2019 is a big year for major commemorations. This year marks 100 years since women gained the right to vote. It’s also been 100 years since Congress established the Grand Canyon National Park. 100 years have passed since Prohibition. It’s the 50th anniversary of Woodstock, Stonewall, the moon landing, and Sesame Street. And another major commemoration: 2019 is the centennial of the first Armistice Day, which we now know officially as Veterans Day.
At the eleventh hour on the eleventh day of the eleventh month, 1918, the fighting of World War I ceased as the armistice signed between the Allies and Germany took hold. A year later, November 11, 1919, reflective and commemorative events took place all over the world to mark the first anniversary of the armistice. There was a banquet at Buckingham Palace, including a two-minute silence at 11 am for those who died in the war. New York City’s events included a parade on Fifth Avenue. Then-President Woodrow Wilson declared the day should be “filled with solemn pride in the heroism of those who died in the country’s service and with gratitude for the victory.” Today, Veterans Day honors those who serve the United States in all wars, especially living veterans.
If you’d like to join in the observances to honor veterans, you’re in luck. The parade along Fifth Avenue continues to this day and remains the largest Veteran’s Day parade in the United States.
On Monday, November 11, Opening Ceremonies to the parade start at 11 am inside Madison Square Park (Fifth Avenue and 24th Street). Beginning with a moment of silence, the ceremony continues just before noon, ending with the laying of wreaths at the Eternal Light monument. The parade then commences down a mile and a quarter of Fifth Avenue from 26th to 46th Street. Over 25,000 people participate in the parade, making it the largest in the nation. There are marching bands from top high schools all over the country, floats, vintage vehicles, and marchers, including veterans, military units, civic and youth groups, Junior ROTC, and businesses. Thousands of spectators show their support along the parade route. And for those unable to attend, the event can be viewed on WABC in the NYC area, or online at uwvc.org/vetsday. The featured military branch this year is the United States Marine Corps, and of course, the theme of this year’s parade is the centennial of the first Armistice Day.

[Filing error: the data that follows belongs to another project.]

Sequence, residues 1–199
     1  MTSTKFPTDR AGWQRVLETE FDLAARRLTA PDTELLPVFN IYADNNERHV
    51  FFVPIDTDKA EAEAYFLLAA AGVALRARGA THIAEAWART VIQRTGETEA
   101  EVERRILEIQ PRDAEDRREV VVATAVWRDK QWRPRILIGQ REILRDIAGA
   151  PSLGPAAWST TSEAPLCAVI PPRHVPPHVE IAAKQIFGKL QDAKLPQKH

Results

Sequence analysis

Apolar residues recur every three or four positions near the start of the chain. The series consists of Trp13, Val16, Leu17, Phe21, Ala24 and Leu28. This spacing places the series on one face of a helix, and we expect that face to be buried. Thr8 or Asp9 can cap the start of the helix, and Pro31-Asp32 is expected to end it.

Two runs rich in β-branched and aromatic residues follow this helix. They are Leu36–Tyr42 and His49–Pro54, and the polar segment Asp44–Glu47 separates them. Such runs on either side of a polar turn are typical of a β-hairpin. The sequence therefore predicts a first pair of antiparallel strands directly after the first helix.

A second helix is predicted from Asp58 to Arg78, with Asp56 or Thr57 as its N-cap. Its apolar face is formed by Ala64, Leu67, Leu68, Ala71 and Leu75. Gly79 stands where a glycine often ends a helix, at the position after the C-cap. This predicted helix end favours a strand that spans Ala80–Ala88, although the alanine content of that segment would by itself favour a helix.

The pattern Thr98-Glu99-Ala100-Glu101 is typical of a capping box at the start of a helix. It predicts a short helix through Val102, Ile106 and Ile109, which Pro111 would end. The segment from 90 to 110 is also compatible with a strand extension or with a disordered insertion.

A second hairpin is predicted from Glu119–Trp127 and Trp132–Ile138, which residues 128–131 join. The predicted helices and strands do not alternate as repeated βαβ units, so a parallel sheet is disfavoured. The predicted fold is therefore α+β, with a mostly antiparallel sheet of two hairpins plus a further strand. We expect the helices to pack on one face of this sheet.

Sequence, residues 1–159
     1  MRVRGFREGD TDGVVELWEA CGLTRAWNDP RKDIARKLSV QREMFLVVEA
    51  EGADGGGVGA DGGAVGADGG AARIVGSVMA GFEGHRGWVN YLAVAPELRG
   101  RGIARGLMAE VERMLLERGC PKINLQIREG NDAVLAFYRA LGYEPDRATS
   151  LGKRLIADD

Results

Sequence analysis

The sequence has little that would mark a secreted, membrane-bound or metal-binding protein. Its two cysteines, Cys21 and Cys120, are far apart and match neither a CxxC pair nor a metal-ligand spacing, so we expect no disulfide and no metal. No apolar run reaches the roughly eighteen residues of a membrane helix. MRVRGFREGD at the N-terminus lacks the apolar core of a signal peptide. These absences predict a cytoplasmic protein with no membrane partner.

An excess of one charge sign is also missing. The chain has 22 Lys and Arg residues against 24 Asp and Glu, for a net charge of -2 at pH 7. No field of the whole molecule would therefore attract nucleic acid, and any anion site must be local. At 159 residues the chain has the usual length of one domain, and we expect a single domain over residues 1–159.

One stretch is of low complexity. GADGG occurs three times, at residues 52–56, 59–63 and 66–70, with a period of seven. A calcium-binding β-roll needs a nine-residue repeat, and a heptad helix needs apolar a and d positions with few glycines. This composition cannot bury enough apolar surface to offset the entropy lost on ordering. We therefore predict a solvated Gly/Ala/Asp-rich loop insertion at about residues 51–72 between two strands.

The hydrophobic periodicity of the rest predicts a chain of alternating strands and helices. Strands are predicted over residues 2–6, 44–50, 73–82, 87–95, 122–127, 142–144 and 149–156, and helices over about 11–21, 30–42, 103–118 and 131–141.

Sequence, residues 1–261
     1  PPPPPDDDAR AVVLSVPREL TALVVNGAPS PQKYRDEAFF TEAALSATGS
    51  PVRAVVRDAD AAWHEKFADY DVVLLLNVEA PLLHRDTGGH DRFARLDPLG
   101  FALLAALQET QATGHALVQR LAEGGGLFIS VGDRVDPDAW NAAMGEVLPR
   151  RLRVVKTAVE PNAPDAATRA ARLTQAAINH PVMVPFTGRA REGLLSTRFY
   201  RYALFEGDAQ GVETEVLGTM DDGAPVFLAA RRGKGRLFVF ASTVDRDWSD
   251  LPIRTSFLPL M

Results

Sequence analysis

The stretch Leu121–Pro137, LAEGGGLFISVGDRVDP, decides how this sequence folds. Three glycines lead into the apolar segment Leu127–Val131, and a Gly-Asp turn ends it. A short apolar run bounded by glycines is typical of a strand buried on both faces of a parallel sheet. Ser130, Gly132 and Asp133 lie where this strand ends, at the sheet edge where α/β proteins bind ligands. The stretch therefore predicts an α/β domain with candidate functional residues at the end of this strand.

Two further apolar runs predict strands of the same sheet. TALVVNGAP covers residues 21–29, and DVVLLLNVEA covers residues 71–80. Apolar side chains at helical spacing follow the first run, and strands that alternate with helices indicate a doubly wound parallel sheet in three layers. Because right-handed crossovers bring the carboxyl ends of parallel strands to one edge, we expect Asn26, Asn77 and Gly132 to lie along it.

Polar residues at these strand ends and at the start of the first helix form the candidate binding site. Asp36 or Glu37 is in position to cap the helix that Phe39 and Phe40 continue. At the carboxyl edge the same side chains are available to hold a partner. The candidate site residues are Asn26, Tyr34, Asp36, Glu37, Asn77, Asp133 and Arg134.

Veterans Day is a federal holiday; thus, all government offices, banks, and schools are closed in observance. So, this November 11, let go of errands and business, relax, and take some time to honor those who so bravely serve or have served our country. And, while you’re at it, enjoy a grand parade.
If you find yourself enjoying the quiet reflection that Veterans Day inspires, take the opportunity for more of it. Visit some of the best places in NYC to see the fall leaves and ponder at the wonders of nature in the city.